All of which is a long way of saying that I think McNabb is capable of an MVP season this year. I really do. But it's going to come down to the group of weapons he currently has (which does not include Kevin Curtis for a couple months) continuing to look like it did on Sunday. That could be a lot to ask for 16 straight weeks.
Most likely scenario for McNabb: six great games, six good ones, two fair, and two whatthehell's?!?!
Sportz: What is your most memorable Philly-Dallas moment in the rivalry's history?
Derek: Roy Williams
Sportz: So what advantage do the Eagles have over the Cowboys on Monday.
Derek: As I mentioned on the blog earlier this week, I really see this as a must-win game for the Cowboys. Not because they couldn't lose this one, win 14 straight and coast into the Super Bowl, but because losing this game at home when they have so many advantages against a team they're already catching glimpses of roaring up behind them in the passing lane would be a devastating psychological blow to the organization and its nationwide network of ever so charming fans. (Little-known fact: The further a Cowboys fan lives from Dallas, the more obnoxious he is. Philly folks wouldn't even recognize the version they'd actually meet in Texas.)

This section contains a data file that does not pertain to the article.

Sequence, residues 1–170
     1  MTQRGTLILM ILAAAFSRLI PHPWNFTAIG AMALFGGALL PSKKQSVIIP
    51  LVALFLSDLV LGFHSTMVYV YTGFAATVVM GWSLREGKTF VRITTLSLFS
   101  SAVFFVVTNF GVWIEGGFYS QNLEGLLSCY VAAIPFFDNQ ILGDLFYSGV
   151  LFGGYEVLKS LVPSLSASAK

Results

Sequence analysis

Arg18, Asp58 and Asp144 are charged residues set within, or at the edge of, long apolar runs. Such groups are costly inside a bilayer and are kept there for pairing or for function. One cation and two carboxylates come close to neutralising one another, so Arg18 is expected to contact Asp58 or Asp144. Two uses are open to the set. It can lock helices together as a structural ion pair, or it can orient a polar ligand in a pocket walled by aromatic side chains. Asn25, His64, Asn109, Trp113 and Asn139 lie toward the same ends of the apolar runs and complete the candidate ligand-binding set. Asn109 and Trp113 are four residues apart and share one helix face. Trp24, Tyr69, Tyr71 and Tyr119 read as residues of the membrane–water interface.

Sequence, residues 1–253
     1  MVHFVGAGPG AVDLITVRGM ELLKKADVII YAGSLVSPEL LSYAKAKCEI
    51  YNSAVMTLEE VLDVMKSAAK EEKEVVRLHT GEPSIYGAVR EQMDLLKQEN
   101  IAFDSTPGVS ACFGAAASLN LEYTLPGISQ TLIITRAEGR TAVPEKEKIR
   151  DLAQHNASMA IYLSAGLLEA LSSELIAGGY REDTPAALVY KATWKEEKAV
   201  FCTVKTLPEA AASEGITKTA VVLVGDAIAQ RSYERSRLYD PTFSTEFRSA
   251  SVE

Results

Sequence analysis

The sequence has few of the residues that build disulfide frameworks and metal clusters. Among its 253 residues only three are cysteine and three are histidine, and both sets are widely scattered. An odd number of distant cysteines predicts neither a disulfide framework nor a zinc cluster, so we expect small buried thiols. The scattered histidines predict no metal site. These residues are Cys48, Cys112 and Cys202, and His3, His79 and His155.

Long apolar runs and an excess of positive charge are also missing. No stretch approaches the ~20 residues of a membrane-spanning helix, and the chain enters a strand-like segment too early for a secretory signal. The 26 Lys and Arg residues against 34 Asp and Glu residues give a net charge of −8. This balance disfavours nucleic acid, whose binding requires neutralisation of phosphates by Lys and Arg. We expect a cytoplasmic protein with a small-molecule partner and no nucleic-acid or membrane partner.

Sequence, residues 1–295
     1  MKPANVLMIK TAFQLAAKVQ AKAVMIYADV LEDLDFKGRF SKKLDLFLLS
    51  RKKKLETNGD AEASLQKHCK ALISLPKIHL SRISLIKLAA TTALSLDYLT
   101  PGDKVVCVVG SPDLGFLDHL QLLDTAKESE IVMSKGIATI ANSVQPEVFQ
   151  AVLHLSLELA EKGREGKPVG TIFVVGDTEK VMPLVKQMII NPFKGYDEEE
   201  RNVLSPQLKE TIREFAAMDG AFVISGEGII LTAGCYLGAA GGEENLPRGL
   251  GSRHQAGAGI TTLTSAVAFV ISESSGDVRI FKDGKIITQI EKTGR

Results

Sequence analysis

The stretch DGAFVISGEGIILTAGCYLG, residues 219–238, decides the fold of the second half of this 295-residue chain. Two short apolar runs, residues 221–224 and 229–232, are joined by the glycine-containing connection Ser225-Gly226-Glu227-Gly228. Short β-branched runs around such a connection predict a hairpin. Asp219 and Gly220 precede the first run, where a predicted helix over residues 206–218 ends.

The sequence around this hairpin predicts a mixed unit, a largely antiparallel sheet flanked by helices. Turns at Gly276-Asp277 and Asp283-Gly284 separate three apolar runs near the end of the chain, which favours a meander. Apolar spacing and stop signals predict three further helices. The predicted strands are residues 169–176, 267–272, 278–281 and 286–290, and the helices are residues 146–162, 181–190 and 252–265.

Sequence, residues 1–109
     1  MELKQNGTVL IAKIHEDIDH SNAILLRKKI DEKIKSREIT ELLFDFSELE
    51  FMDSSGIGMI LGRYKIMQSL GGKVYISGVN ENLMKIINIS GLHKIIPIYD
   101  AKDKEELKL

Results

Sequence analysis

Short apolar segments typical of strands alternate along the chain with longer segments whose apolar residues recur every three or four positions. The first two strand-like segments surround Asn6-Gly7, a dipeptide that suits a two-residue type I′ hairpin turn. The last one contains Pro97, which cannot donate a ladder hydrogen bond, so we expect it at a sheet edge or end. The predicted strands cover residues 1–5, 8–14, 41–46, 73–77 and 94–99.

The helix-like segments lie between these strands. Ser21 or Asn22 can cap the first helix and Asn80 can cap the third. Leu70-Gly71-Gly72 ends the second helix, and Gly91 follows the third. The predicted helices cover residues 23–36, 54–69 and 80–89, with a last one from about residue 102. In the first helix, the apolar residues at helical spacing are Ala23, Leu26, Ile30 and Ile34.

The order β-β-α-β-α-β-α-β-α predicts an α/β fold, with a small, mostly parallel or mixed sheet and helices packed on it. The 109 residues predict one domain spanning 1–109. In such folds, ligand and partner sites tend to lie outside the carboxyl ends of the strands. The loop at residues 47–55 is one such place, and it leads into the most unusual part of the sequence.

So the biggest advantage the Eagles have is simply that they can play with nothing to lose, while Dallas just might tighten up a bit if things don't go their way early.